Steroids can cause thinning of the skin, which can make you bruise more easily than usual – this is further increased if you have thrombocytopenia. They can also make your skin more oily, which can cause spots (acne) – this is more common on the face, back and chest, and in younger people.
You might experience aches and weakness in your bones. If you take steroids for a long time, you might be at risk of osteoporosis, where your bones become thin and weak. This can make them more fragile and likely to fracture or break.
Osteoporosis is very uncommon with the types of steroids used in the treatment of lymphoma. However, in older people who have also had chemotherapy, it can increase the risk of fracture, particularly of the bones in the spine (vertebrae). If you are at an increased risk of osteoporosis, your doctors might suggest a dual energy X-ray absorptiometry (DEXA) scan to keep a check on your bone density. You might also be prescribed medicines to help protect you from developing osteoporosis.
There are some lifestyle factors that can help to reduce the risk of developing osteoporosis, including:
- taking regular exercise, particularly strengthening activities such as walking up stairs and carrying shopping bags.
- eating a healthy, balanced diet that includes enough calcium and vitamin D to support good bone health. Your doctor might also recommend taking a vitamin D supplement
- having some daily exposure to sunlight – this helps you to produce vitamin D, which helps your body to absorb calcium
- not smoking
- limiting your intake of alcohol.
You can find out more about preventing osteoporosis on the NHS website.
Steroids can increase your blood pressure (hypertension), which can lead to headaches and dizziness. You should have regular blood pressure checks while you are taking steroids – ask your medical team for advice.
To help reduce your risk of developing high blood pressure, the NHS recommends that you:
- take regular exercise
- eat a healthy, balanced diet, limiting the amount of salt you eat
- limit your alcohol and caffeine intake
- keep to a healthy weight
- don’t smoke.
You can read more about hypertension (high blood pressure) on the NHS website.
Taking steroids can cause a temporary blurring of vision. If you take them for a long time or at a high dose, they can cause side effects including reduced vision, cloudy patches in the lens of your eye (cataracts) and a build-up of pressure in the eye (glaucoma).
If you notice any changes in your vision, ask your GP or optometrist (optician) for an eye health check.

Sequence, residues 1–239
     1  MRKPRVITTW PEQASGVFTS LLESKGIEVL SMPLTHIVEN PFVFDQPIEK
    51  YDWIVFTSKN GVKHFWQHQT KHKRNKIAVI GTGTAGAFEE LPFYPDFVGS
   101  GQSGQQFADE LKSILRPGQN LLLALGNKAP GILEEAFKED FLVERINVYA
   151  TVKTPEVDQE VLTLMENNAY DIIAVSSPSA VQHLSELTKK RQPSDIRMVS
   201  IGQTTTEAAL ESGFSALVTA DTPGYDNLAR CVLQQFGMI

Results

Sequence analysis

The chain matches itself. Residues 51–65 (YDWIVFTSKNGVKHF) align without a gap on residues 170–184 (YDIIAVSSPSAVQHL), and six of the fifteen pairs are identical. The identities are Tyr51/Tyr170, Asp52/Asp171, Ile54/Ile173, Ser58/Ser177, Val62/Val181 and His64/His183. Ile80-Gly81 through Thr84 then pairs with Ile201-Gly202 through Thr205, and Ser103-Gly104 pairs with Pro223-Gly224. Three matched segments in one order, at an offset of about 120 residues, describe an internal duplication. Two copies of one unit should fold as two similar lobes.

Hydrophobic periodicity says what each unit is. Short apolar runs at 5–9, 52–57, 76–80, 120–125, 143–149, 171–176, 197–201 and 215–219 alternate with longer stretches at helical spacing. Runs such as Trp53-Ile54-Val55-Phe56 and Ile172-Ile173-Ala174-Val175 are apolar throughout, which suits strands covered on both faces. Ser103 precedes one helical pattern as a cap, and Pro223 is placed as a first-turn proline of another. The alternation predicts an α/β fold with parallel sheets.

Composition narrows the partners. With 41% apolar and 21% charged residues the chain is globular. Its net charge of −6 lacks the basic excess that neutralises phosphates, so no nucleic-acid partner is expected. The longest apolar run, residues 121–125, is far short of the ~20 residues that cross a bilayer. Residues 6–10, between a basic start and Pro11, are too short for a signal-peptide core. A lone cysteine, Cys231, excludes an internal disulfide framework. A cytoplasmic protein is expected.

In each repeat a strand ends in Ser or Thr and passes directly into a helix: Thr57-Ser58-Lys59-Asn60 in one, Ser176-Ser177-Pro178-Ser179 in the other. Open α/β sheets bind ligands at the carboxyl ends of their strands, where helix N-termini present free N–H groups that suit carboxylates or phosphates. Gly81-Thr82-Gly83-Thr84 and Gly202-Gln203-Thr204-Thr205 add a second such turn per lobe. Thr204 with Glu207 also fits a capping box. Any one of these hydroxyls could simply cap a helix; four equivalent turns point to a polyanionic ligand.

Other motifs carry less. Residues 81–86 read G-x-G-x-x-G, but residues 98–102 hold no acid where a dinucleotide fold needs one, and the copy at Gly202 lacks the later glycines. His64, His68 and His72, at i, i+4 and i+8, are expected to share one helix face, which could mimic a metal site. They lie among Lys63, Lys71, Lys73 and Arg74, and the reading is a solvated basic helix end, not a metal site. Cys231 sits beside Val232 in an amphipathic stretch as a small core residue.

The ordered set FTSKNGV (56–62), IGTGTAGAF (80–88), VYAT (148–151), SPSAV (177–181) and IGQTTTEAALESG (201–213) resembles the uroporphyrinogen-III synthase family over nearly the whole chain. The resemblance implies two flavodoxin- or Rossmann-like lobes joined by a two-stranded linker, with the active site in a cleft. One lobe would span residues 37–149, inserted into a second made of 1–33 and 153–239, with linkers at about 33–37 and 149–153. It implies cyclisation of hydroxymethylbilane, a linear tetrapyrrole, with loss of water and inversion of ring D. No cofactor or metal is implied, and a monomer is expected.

There are some simple steps you can take to help lower the risk of developing problems while you are on steroid medication.
Be aware of signs of infection
Let a member of your medical team know straightaway if you notice any signs of infection. Early action can help stop problems from developing into more serious difficulties.
Avoid contact with people who have chicken pox or shingles, even if you have had these infections in the past – they could be serious if you have lymphoma and are on steroids. Tell your doctor straightaway if you think you could have chicken pox or shingles.
Talk to your doctor before taking other medicines
Speak to your doctor about the safety of taking other medications. This applies to medicines that are available without a prescription, such as pain relief medication and herbal treatments. Some medicines could interact with your steroid medication and change the effect of both. Examples are medicines used to manage:
- swelling (inflammation), such as ibuprofen
- indigestion, such as antacids
- high blood pressure (hypertension)
- heart problems
- blood clotting, for example blood thinning drugs, such as warfarin.
Check which vaccinations you should and shouldn’t have
Ask a member of your medical team or your GP about which vaccinations are safe and advisable for you to have; this includes travel vaccinations if you are planning a trip to another country, and the COVID-19 vaccination.
Live vaccines are made using weakened, live bacteria or viruses. In general, you shouldn’t have live vaccines while you are on steroid medication and for 6 months afterwards. This is likely to be longer (at least 24 months) if you have had a stem cell transplant.
Live vaccines include those given to protect against chicken pox, measles, mumps and rubella (MMR), polio, some brands of the shingles vaccines, BCG vaccine (to protect against tuberculosis), typhoid, yellow fever.
Non-live (inactivated) vaccines
Inactivated vaccines (such as the winter flu vaccination) are considered safe for people with lymphoma; however, they might not be as effective. Speak to your doctor for advice.
Below, we answer some frequently asked questions about steroids in the treatment of lymphoma.
How long will I take steroids for?
Your treatment plan is tailored specifically to you and your individual situation. Your medical team will give you advice about how and when to take your steroid medication.
With non-Hodgkin lymphoma, you might have steroids for a few days or a week during each cycle of chemotherapy. This can help to reduce the side effects of chemotherapy.
If you have steroids as part of treatment for Hodgkin lymphoma, you might be given them intravenously, at the same time as your chemotherapy.
Will I have side effects from steroids?
Not everyone experiences side effects. Whether you develop them depends on factors including the dose and how long you take them for. Age can also be a factor with young children and older people more commonly experiencing side effects.
Why is it important that I do not stop taking steroids without medical advice to do so?
It’s important to seek medical advice before stopping or making any changes to your medication. Usually, you need to stop taking them gradually in order to reduce the risk of adrenal crisis, which can be serious.
Is it OK to breastfeed if I am taking steroids?
The amount of steroid medication in breast milk is unlikely to harm an infant. However, speak to your medical team for advice.